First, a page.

Home Office: supporting young people
Guides for children caught up in legal issues
Communicating with young people takes empathy, time and, preferably, the ability to have a one-to-one conversation. And that’s difficult for government which tends to be a large, faceless machine dealing in policy.
We were approached by the UK Government, through the Home Office, to help with two projects:
- Guides for children who have witnessed a crime and need to attend court as a witness, and
- Booklets for young foreign travellers whose paperwork is not in order or are claiming asylum.
Both projects required a delicate hand, and needed to provide useful, unbiased information. The materials would help officials more commonly used to communicating with adults to talk to children. We decided to follow an illustrative approach, choosing styles that matched defined age groups.
The first project was for children who had to attend court as a witness. If a child has seen a crime, they may be asked to explain what they saw to a court of law. Clearly, this can be a very traumatic experience.
Will they know what is happening? Will they understand someone has been accused of doing something wrong and that it’s all right to “tell”? Do they even know what a court is? Our booklets guided children through this experience and explained the court process about being called as a young witness.
We created different booklets for three age groups. Each was designed specifically for that age range, using an age-appropriate style, language, font, colour palette and so on. We also commissioned three different illustrators, matching the illustration style to the age of the readers. The booklets are now seen as a vital tool in communicating reassuring messages to children at a stressful time for them and are used throughout the English legal system.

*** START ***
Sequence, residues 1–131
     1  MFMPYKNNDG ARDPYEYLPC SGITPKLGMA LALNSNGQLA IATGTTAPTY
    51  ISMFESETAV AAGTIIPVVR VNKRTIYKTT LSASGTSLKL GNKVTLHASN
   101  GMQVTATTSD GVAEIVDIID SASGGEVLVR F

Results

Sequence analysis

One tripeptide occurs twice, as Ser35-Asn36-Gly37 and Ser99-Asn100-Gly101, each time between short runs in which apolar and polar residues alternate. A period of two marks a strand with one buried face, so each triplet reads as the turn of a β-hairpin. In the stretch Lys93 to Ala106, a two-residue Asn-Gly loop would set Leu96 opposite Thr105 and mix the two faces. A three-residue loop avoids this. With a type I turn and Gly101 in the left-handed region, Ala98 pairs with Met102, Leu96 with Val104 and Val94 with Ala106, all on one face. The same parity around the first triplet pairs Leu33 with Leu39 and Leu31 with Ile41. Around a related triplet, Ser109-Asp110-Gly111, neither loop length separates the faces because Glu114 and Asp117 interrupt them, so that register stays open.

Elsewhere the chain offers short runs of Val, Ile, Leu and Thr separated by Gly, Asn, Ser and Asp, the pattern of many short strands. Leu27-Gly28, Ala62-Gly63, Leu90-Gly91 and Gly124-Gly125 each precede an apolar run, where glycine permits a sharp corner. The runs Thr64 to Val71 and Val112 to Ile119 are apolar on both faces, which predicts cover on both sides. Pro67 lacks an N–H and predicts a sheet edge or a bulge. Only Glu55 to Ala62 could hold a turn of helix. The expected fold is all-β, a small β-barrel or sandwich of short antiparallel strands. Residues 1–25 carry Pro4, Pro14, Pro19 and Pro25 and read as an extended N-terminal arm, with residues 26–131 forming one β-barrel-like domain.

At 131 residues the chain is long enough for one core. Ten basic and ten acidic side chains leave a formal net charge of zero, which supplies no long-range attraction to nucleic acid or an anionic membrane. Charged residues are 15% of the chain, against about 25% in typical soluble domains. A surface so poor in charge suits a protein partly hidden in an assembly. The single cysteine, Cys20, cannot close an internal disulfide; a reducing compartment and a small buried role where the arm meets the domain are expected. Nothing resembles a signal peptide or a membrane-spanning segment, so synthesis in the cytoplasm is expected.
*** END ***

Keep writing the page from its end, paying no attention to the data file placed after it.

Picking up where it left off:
This project led on to the second initiative of creating multi-lingual guides for children arriving in the UK without the correct paperwork. These under 18 year olds arriving from abroad often have limited English. They may well be frightened after an arduous journey and, while the booklets have to communicate support, they can only provide agreed official wording on possible pathways.
We chose a deliberately neutral style of illustration as well as neutral, clear language. We also produced bilingual versions in 26 different languages, so that immigration officers and the young travellers were able to work through the text and process together. After a successful trial at Heathrow and the seal of approval from United Nations lawyers, the booklets are now used at all of the UK’s ports of entry.